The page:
The White Knuckle Leveraged Trading Strategy
At its core, The White Knuckle is a risk-parity strategy for three of the most volatile names in market: each a 3x leveraged ETF. A leveraged ETF is a fund that uses financial derivatives and debt to amplify the returns of an underlying index. -- Investopedia.com
For a 3x ETF, if the underlying index returns 1% on a given day, the fund would theoretically return 3%. Theoretical though, as management fees and transaction costs (which are high) diminish the full effects of leverage.
The real rub? The 3:1 ratio works in the opposite direction as well. If the index drops 1%, the loss would then be 3%.
Just to be clear, these are primarily vehicles for the day-trading crowd. To buy one of these 3x funds with the intention of blindly holding on for a month is borderline nuts. So, what in the world am I doing buying three? Well, let's see how this works out.
Of the three, 3x leveraged ETFs in this portfolio, one customarily acts as a hedge to the other two, providing a modicum of balance to begin with. By the way, here are the funds in question:
The last one on the list, TMF, is basically long-term bonds on steroids. Over time, long-term bond funds have tended to have an inverse relationship with U.S. equities, of which SPXL and TQQQ represent in spades. But a word to the wise: in the stock market, as in the world at large, things are not always certain. Should all three funds decide to go down in unison, the results can be ugly.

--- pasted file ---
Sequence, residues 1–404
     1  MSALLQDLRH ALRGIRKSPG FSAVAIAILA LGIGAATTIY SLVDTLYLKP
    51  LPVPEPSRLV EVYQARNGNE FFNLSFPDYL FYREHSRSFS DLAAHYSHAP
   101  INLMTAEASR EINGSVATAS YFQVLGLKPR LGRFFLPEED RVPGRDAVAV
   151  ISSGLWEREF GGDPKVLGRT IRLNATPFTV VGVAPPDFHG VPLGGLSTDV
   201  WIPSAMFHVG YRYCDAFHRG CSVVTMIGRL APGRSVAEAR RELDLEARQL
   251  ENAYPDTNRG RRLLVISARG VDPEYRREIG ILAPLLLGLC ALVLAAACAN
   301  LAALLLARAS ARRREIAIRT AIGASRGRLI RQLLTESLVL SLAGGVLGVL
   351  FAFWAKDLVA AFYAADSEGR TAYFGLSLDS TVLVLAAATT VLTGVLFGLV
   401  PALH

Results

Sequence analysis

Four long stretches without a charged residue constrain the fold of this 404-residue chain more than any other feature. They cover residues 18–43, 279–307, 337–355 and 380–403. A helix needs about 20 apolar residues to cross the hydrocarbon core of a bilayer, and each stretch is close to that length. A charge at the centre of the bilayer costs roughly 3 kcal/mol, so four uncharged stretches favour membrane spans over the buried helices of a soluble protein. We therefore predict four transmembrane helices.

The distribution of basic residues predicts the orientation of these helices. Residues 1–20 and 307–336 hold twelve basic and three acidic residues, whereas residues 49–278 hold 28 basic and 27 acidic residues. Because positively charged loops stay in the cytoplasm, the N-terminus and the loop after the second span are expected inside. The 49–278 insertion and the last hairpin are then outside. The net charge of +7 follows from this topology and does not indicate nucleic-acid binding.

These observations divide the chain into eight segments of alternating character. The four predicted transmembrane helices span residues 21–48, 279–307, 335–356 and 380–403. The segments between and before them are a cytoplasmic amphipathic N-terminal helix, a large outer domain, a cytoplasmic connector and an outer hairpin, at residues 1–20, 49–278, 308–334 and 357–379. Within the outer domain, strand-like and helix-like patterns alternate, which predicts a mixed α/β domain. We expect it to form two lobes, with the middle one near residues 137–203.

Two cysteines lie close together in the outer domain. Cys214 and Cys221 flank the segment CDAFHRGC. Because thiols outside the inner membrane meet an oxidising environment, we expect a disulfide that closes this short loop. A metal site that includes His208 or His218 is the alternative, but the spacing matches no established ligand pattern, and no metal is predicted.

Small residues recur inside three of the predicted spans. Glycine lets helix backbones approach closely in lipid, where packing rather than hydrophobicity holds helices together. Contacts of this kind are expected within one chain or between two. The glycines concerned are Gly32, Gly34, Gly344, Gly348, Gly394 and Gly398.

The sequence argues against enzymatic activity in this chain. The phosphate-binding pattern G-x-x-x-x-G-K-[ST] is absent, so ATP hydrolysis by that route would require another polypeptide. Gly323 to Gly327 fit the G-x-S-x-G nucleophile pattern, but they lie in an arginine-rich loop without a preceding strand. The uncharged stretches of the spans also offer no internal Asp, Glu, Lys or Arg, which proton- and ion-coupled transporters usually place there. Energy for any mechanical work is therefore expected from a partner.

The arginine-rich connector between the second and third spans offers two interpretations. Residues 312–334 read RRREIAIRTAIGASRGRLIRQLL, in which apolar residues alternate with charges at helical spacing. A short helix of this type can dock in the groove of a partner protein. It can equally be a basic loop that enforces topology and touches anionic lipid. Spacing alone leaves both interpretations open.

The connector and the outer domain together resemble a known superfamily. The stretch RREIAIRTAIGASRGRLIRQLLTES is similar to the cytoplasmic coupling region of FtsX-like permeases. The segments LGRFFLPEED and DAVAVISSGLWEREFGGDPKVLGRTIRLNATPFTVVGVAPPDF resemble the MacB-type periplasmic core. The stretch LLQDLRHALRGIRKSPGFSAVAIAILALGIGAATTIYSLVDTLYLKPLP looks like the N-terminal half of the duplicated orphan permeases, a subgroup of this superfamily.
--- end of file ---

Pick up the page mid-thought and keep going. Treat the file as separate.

I try to mitigate some of that potential ugliness with risk-parity.
What is Risk-Parity?
Assets come with their own risk profile, which is influenced by the market and changes with time.
A common example is stock and bonds; stocks are generally considered more risky than bonds. If an investor in these two assets wanted to keep the overall risk in his portfolio constant, all other things being equal, he or she would own more bonds than stocks. Then periodically reevaluate, and maybe add to stocks and subtract from bonds, or vice versa, all the while working to keep the overall risk constant.
That's risk-parity; holding different assets and periodically changing the portion of each asset owned to keep the overall risk constant.
On Wall Street, the higher the volatility, the riskier the asset. When the volatility of equities spike, risk-parity traders move to exchange some of their stock holdings for bonds. Likewise, when volatility rattles the bond market, these traders reverse course and exchange bonds for stocks.
So, using volatility as our gauge, risk-parity overweights securities with lower-than-average volatility, and underweights securities with higher-than average volatility.
For our purposes, this weighing mechanism is recalculated each month, and each fund is assigned a percentage that takes into account its relative volatility. For example, if volatility increases in the equity markets, implying an increased risk of a downturn, risk-parity would give more weight to the bond fund TMF and less to the equity funds SPXL and TQQQ.
Finished? Not quite.
In an effort to further reduce the risk inherent in owning these three funds, risk-parity notwithstanding, I added a "part-time" hedge that brings the following funds into play:
I say "part-time" hedge because it doesn't always kick in. I'll explain.
The White Knuckle Strategy is $7.95 per month. Cancel at any time. Follow along and see how the strategy catches market moves to the upside, while protecting hard-earned portfolios against major downdrafts.
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